Editor’s note: Last week we kicked off our series on the ultimate watch glossary — well, now it’s back and slightly more complex. Read on if you want to know what really makes your watch tick … Mechanical watch, manual or automatic There are two types of mechanical watch, and the difference comes down to how the watch is wound. A manual watch must be wound by way of the crown, typically once a day, but it depends on power reserve (more on that shortly). This action winds the mainspring around the barrel arbour (the central post in the middle of the barrel in which the mainspring sits). The tension built up in this spring as it tries to uncurl is what drives the wheels of the watch forward. In an automatic watch, an oscillating weight (also known as a rotor) swings inside the watch as the wearer moves their wrist. This takes the place of the crown having to be manually wound and it keeps the mainspring wound throughout the day. The advantage of an automatic watch is therefore that power supply to the timekeeping organ of the watch is far more stable and, as a result, so too…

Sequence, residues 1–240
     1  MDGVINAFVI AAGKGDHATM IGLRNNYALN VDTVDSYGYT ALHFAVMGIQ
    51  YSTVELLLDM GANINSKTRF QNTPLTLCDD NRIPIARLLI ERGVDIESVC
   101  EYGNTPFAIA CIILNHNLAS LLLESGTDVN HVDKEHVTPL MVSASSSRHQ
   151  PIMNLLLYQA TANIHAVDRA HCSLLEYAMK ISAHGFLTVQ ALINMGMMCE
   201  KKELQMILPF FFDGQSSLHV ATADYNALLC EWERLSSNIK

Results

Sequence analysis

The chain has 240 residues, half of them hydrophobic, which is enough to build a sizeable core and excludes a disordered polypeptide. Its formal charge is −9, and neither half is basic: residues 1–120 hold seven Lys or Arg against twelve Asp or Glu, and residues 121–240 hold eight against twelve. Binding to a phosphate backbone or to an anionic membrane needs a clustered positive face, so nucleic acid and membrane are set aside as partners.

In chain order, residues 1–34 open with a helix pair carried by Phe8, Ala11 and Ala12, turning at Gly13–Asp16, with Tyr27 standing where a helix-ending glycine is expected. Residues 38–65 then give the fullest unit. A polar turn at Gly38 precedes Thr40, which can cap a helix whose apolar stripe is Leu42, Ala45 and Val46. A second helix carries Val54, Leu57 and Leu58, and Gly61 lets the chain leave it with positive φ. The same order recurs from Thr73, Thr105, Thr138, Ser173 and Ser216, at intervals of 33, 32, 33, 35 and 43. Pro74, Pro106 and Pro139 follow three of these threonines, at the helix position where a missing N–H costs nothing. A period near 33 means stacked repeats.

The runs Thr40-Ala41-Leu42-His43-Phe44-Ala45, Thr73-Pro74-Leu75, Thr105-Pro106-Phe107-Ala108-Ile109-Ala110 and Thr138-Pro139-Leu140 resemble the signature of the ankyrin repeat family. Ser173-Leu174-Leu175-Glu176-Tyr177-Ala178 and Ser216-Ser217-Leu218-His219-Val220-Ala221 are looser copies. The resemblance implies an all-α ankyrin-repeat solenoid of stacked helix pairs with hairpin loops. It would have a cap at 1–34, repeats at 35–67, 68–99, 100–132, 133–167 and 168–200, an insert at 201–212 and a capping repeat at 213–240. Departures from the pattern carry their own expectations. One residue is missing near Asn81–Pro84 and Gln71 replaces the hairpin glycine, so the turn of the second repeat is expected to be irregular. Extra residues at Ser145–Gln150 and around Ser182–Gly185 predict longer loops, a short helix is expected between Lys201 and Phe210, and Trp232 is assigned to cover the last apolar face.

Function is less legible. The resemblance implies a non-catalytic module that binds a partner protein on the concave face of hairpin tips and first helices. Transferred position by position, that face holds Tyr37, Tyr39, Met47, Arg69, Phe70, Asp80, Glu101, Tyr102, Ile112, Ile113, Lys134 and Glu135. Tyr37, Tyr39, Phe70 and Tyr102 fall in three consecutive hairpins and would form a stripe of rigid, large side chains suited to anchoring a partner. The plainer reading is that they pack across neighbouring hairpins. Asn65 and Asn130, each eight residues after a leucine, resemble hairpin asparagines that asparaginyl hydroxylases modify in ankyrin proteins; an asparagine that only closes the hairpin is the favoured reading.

The post The ultimate watch glossary – the intermediate edition, feat. wheels, pinions and more appeared first on Time and Tide Watches.

More...